It may well be that slowly changing societal values, from hobby to business beekeeping, are important drivers of colony declines. Clearly, the increase of honey trade in relation to the national honey production in Europe goes hand in hand with the colony declines over the five decades listed in the FAO database.
Beyond trade figures, the researchers did not clarity exactly how professional beekeeping practices could contribute to decreases in bee colonies, and how practices in South America or Southern Europe may differ from the United States and Western Europe. However, several beekeeping blogs and articles reveal a rather passionate rivalry between hobbyists and professional beekeepers, including blaming incompetence on either side for what eventually became colony collapse disorder.
“I have a friend who works for a very large scale commercial beekeeping operation in California, and when I asked her about Colony Collapse she said they didn’t have a problem, and if others did it probably had more to do with bad beekeeping,” wrote one. Meanwhile, a professional beekeeper told one writer:
Ninety-nine percent of the so-called beekeepers are hobby beekeepers. In North Carolina there are thousands of hobby beekeepers. And there are less than ten commercial beekeepers. There’s a public misconception that a beekeeper’s a beekeeper’s a beekeeper. But the difference between a hobby beekeeper and a commercial beekeeper is like the difference between someone with an aquarium in his living room and somebody that owns three oceangoing deep-sea vessels.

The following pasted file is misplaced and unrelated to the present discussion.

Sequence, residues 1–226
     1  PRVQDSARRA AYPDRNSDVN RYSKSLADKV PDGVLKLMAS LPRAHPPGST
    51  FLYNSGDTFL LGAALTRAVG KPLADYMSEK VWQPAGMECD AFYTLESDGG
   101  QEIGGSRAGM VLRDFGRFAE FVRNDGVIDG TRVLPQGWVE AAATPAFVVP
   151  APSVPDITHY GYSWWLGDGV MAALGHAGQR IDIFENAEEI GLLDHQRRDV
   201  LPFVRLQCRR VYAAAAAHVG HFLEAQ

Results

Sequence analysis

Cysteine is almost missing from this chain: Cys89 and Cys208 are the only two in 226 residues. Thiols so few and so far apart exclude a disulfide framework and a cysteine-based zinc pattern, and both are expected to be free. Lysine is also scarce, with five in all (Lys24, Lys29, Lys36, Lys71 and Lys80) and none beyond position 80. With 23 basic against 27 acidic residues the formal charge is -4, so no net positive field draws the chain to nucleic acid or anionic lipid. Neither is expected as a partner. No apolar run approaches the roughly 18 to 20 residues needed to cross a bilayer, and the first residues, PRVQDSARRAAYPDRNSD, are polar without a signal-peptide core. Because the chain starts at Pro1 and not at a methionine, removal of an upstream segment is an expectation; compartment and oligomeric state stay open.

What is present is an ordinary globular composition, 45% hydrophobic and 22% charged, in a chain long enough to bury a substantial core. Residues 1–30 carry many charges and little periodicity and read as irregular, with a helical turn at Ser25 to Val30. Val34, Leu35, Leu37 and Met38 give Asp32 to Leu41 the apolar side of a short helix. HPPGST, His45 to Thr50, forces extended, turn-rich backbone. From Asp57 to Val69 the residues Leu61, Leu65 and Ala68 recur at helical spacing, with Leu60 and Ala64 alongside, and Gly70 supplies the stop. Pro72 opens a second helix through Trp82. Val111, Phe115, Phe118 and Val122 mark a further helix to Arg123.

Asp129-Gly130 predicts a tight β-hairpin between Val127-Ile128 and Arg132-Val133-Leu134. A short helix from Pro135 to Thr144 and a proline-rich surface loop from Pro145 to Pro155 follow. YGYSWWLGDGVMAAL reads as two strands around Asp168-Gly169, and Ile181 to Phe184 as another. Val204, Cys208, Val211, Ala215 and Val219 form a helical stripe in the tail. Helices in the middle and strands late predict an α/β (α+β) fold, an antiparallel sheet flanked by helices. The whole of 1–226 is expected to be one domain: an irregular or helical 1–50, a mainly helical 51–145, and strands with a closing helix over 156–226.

On the other hand, the long-distance transport of beehives practiced by commercial beekeepers also has been blamed for colony depletion. According to British beekeeper (and self-professed agent provocateur) Philip Chandler, the spread of the varroa mite is due to bee transport:
Bees are now in trouble as never before and much of the blame for this potentially disastrous state of affairs must be placed at the door of negligent, commercial beekeepers. The inter-continental migration of pests and diseases has widely been blamed on climate change, but in fact the spread of the Varroa mite from its native Asia and its original host species, the Asian bee Apis cerana, can be directly linked to the commercial bee trade.
So, while pressure has mounted on the United States to ban a pesticide that already is about halfway through a ban by the European Union, colony declines in some countries may continue despite any actions taken for or against neonics and other pesticides. And while correlation does not equal cause, the German research opens the door to including economic and business factors behind bee colony changes.
Andrew Porterfield is a writer, editor and communications consultant for academic institutions, companies and non-profits in the life sciences. He is based in Camarillo, California. Follow @AMPorterfield on Twitter.